Beautiful flowers blooming down Easy Street entrance to BCR
Jamie Veronica lets Windstar the bobcat into his new room addition
Rosie recycling elephant ears that were culled for cage painting
Big Cat Rescue staff photographer out gathering SandCat photos
Carole Baskin cutting door into Windstar bobcat's new room addition
Windstar the bobcat raced in circles around his new Cat-a-tat
Regina giving Simba the tigress her evening meds
Alex the tiger enjoying his dinner after a long day of lake gazing
Raindance the Bobcat 2011 Nov 22
Save Wild Tigers
PETITION PRESSES CHINA TO END ALL TIGER TRADE
Zero tolerance is the only way to preserve the last wild tigers
LONDON: The Environmental Investigation Agency today endorses a new petition calling on Chinese Premier Wen Jiabao to adopt a zero-tolerance policy on tiger trade.
The petition has been organised by TigerTime, an initiative of the David Shepherd Wildlife Foundation which has garnered mass public and celebrity support to raise awareness of the plight of the world’s last remaining wild tigers and campaign to reverse its decline.
The petition urges: “I appeal to Premier Wen Jiabao to send a clear message to his government, calling for an end to all tiger trade within China. This is to include a call for a zero tolerance policy applied to all trade of all parts and derivatives of tiger and other protected Asian big cats, from all sources.”
It has been launched almost a year to the day since Wen Jiabao, at the 2010 International Tiger Conservation Forum in St Petersburg, promised the world his country would “vigorously combat poaching, trade and smuggling of tiger products”.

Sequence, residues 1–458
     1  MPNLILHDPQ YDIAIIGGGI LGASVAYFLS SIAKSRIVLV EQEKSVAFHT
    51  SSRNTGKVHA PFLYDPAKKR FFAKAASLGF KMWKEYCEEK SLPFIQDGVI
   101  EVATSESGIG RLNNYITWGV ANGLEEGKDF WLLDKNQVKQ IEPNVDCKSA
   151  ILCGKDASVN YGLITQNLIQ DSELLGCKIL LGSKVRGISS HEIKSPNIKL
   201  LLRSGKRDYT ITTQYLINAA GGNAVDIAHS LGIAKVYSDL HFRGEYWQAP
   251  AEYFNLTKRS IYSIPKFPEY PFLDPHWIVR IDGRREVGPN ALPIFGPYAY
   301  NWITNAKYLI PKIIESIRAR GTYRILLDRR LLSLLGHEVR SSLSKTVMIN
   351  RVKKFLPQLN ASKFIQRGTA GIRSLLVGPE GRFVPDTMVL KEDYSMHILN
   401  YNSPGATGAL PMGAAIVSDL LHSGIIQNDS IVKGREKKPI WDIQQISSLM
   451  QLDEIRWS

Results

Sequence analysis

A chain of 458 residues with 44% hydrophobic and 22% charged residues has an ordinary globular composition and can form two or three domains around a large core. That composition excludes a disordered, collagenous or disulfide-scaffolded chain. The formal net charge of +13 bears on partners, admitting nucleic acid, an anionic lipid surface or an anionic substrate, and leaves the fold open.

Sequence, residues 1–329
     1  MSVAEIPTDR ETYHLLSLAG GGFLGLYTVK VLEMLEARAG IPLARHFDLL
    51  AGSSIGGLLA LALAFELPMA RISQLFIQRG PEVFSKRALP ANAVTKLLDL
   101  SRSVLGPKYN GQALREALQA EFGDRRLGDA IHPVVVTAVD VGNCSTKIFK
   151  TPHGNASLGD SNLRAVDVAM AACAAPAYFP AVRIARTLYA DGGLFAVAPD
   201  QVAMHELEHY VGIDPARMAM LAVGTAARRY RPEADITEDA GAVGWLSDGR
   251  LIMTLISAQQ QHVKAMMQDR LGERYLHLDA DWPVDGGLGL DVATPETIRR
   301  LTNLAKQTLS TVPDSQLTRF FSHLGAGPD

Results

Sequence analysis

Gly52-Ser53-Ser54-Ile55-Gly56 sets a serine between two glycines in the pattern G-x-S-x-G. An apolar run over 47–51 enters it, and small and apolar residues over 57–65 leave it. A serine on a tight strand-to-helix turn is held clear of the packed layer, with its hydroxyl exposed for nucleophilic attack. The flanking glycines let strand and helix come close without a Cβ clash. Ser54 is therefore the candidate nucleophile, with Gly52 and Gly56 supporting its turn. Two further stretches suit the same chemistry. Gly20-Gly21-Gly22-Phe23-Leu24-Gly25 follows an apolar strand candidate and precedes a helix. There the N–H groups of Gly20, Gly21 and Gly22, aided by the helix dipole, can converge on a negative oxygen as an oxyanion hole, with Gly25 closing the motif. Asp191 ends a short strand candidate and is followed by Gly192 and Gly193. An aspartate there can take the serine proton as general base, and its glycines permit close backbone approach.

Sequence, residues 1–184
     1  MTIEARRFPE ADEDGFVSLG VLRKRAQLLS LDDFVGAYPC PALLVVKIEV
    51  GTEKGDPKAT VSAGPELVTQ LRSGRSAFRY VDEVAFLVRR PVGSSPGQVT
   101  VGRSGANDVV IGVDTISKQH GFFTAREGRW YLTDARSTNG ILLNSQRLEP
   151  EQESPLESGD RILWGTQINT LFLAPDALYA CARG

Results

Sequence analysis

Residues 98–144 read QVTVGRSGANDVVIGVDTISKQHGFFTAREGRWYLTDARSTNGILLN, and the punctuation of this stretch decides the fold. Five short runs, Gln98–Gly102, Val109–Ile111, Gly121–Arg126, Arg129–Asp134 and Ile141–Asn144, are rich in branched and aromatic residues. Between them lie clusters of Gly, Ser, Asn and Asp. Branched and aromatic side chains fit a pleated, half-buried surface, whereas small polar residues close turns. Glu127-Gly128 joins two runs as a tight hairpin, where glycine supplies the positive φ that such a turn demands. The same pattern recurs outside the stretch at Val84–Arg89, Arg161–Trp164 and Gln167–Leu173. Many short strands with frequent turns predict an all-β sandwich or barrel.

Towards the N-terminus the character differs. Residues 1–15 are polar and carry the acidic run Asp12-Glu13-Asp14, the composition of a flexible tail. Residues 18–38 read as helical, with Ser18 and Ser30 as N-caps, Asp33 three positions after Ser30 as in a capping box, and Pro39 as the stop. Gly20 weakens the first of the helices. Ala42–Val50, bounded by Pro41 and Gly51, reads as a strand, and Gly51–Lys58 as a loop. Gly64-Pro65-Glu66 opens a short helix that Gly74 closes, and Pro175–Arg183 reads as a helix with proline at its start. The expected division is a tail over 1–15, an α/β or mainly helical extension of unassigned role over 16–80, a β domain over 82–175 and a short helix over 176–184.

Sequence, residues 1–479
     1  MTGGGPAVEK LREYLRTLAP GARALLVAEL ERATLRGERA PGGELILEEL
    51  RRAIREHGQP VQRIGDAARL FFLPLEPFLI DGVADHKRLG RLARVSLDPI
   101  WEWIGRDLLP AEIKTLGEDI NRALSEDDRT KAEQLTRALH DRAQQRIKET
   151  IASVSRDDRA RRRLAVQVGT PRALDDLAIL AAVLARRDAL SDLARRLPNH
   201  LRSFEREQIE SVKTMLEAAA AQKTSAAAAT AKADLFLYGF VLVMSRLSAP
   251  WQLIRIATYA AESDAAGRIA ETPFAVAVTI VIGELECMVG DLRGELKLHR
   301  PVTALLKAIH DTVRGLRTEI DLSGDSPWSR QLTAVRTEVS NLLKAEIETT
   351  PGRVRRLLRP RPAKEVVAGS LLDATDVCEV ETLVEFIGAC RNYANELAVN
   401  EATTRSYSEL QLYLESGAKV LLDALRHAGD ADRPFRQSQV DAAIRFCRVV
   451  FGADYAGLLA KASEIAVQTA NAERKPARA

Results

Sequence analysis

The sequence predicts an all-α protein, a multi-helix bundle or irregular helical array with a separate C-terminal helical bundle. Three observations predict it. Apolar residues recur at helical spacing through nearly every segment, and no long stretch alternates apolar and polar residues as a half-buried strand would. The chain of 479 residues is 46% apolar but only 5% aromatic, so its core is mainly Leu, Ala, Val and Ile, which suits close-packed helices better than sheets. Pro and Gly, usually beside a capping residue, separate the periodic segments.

However, China has refused to answer questions about the implementation of its controversial 2007 Skin Registration Scheme, allowing tiger and leopard skins from ‘legal origins’, including those from captive-bred big cats, to be registered, labelled and sold.
A lack of transparency as to how authorities determine the legality of skins, coupled with inadequate enforcement and growing corruption, is creating a smokescreen for the illegal trade in tiger and leopard skins and derivatives in China.
“EIA has often worked with the David Shepherd Wildlife Foundation as a fellow member of the Species Survival Network and is pleased to wholeheartedly endorse its TigerTime petition,” said EIA Lead Campaigner Debbie Banks.
“China has had more than enough time to begin putting its house in order along the lines of Wen Jiabao’s promises in Russia, but instead of shutting down the tiger farms and embracing a zero-tolerance policy on the trade in tiger and big cat skins and derivatives, it instead seems dead set on heading in the wrong direction.”
The TigerTime initiative has secured the support of a large number of household names since launching in June, including Samantha Fox, Sir Paul McCartney, Joanna Lumley, Stephen Fry, Ricky Gervais, Sir Roger Moore, Sir Michael Parkinson, Susan Sarandon, Anjelica Huston, Jeremy Irons, Paula Abdul, Neil Gaiman and
Interviews, footage and stills are available on request: please contact Debbie Banks, at firstname.lastname@example.org or telephone 020 7354 7960.